2022 December 05 • Monday

Here it is December and that can mean only one thing: the 755th Soundtrack of the Week is Hired To Kill by Jerry Grant.

It starts with “Fanfare and Fireworks”, which combines lean and muscular action writing with subversive synth contributions that try to corrupt the military snare drums with promises of some slinky grooves.

This tension is also evident in the “Main Title”, with some of the musical activity somewhat reminiscent of Lalo Schifrin’s Mission: Impossible music. Harp, guitar and percussion are used sparingly but effectively.

The martial snare and pounding musical statements are back for “In Training”, though this time electric instruments play with them. It’s a tight, aggressive and high energy blast, occasionally relaxed for a moment.

Then we get some Middle Eastern exotica for “Istanbul”, with long tones, hand percussion, the expected modality and a bit of wordless vocals that might resemble a call to prayer. But it’s also got business to do, with more tense and suspenseful dramatic underscore soon taking over.

“Get in the Driver Seat” is a change of space with some massive drum sounds, percolating flute and even a bit of distorted electric guitar or keyboard.

There had to be a love theme, right? It comes next in “Katrina”, and is lovely, with nice acoustic guitar playing. But then it’s back to business with exciting percussion ostinati and great flute playing.

Loud and intense sonic explosions kick off “San Quentin” but the cue changes direction with some Spanish guitar playing and a rhythm background that sounds like cicadas in full force.

Next is a swinging ‘80s groove for “Catwalk Assassins”, at least for the first half of the cue. The second half is more straightforward suspense and action writing.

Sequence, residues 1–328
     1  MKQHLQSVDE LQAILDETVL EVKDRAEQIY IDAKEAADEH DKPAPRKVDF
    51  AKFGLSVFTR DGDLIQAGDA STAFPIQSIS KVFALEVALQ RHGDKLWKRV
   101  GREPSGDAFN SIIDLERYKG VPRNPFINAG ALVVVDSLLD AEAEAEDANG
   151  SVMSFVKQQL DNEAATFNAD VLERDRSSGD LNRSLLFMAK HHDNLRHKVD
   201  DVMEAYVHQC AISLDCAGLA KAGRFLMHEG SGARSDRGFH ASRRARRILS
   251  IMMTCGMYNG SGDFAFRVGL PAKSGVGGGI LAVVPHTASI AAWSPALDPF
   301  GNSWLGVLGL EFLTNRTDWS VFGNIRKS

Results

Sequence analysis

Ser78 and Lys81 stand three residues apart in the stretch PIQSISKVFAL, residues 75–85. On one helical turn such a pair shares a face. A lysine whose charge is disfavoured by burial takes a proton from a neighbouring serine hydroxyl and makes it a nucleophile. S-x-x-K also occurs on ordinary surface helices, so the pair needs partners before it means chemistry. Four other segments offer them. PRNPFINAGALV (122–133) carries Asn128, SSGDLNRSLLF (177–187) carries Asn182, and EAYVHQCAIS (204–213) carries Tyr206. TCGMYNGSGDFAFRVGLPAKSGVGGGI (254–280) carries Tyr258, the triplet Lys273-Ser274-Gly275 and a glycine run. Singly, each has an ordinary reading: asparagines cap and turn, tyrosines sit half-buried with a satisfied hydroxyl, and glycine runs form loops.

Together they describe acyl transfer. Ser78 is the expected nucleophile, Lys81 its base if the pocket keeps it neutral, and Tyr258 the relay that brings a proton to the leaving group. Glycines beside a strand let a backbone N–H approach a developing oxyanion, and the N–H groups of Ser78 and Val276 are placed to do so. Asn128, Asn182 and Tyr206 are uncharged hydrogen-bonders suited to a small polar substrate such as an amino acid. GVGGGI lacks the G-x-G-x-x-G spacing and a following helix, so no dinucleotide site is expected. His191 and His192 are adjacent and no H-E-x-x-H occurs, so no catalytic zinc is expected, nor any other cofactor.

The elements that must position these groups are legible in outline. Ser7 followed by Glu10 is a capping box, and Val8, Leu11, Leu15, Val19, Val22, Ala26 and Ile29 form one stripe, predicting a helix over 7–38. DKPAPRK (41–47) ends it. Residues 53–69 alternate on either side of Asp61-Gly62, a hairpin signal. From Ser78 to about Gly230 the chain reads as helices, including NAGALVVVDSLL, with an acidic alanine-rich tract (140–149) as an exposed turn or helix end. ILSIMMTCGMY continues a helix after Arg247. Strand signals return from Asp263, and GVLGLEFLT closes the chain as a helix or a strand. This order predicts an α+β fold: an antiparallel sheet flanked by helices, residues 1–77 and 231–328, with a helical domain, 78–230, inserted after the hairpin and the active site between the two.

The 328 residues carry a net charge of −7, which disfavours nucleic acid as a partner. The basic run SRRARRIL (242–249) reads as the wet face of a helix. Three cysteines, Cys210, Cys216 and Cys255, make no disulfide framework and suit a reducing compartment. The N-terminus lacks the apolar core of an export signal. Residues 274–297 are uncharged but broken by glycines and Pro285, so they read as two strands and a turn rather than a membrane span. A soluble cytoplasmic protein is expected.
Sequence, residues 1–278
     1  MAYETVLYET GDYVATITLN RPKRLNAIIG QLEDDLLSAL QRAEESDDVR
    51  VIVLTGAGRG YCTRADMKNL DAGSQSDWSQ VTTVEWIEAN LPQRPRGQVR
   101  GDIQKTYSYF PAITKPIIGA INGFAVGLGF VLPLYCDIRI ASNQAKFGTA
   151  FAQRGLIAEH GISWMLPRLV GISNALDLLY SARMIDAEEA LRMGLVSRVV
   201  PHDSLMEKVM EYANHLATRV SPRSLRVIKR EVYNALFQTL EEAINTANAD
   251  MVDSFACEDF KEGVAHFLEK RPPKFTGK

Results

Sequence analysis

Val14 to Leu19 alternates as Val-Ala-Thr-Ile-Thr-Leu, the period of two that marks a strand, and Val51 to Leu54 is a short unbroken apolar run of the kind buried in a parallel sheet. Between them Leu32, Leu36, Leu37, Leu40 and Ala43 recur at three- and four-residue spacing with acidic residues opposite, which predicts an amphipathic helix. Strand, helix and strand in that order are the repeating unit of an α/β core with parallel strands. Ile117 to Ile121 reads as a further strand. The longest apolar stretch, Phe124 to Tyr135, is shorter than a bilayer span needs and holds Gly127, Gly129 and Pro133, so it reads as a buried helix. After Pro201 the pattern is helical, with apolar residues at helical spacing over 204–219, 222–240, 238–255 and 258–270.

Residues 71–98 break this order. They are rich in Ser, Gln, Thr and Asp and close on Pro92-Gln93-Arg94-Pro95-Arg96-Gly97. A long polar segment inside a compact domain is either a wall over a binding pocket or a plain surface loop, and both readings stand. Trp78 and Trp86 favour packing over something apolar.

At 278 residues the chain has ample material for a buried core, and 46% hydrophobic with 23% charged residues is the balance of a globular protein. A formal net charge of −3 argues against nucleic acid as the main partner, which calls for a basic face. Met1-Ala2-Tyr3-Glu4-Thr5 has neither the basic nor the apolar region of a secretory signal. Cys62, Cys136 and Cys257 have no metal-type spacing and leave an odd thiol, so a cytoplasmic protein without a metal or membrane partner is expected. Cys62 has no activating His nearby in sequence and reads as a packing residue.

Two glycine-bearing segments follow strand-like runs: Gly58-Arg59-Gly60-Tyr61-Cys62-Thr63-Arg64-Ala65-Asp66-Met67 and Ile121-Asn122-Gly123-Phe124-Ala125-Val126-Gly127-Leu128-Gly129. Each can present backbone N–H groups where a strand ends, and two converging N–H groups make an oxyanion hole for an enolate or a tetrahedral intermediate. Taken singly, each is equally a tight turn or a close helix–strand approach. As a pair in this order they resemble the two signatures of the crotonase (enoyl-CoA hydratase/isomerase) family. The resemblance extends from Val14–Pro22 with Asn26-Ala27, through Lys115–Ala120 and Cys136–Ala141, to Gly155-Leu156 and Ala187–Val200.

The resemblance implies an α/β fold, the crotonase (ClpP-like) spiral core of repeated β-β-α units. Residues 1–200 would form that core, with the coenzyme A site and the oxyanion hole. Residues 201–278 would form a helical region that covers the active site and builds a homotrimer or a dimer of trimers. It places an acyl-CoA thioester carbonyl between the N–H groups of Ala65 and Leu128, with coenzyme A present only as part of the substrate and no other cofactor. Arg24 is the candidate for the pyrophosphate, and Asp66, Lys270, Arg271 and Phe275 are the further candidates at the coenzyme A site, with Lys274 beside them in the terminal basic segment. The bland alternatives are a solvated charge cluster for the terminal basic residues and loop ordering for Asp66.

“Someone Who Knows” is a piece with a lot of space in it, once again with a compelling percussion foundation and lots of wooden flute (shakuhachi?) playing.

Soaring strings announce “Arrival in Cypra”, which soon takes a somewhat eerie turn with a few mysterious sounds and some pensive guitar work. Hand percussion kicks off a serious groove and then things get atmospheric and tense at the same time.

Solo cocktail lounge piano follows, presumably source music for “Dinner with Bartos”.

“Psychic Reader” is almost a miniature suite of micro cues and blends different sounds in great ways. There’s also a new element in there, perhaps vibes.

Lively hand percussion and guitar dig into some North African or Middle Eastern grooves for “Let’s Mingle”, after which timpani kick off “Open the Gates”, more tense and dramatic underscore with some whirling flutes and driving horn lines.

Restrained and tender solo acoustic guitar starts “Goodbye Sheila” but about halfway through other instruments come in and the melody is taken over by wailing electric guitar.

A more low key approach to tension and suspense follows for “Ryan Uncovered”, another one with Schifrin-like moments.

There’s lots of percussion as well as other instruments playing percussively in the tough and angular “Break-in”.

Strings fill most of the space in “My Life or the Revolution” but there are significant contributions from synths and acoustic guitar.

“The Escape” uses a lot of orchestral force and rapidly fires numerous powerful music ideas at the listener. Just when you get used to it, it changes.

The intensity and invention continue unabated for “Final Battle” and “Helicopter Fight”, after which the score concludes with the triumphant “Victory”, which might even quote “Joy to the World”. It sounded like it to me, anyway!
2022 December 02 • Friday

There's no denying how striking this car is. I want one! This is the cover of Car Craft and Kart magazine, March 1962.

It made me think of the Batmobile from the Adam West tv show, but the Forcasta was made by Darryl Starbird while the Batmobile was by George Barris, who has his own column, "Custom Queries", in this magazine.

I've occasionally seen some old movies in which people had record players in their cars, right in the dashboard, much as CD players would be a few decades later.

It was never clear to me how real this was, or how practical.

The practicality of it is likely to remain a mystery for a while longer, but this issue of Car Craft and Kart tells you how to install your own record player in your car.

I don't own a car but those of you who do, get to work!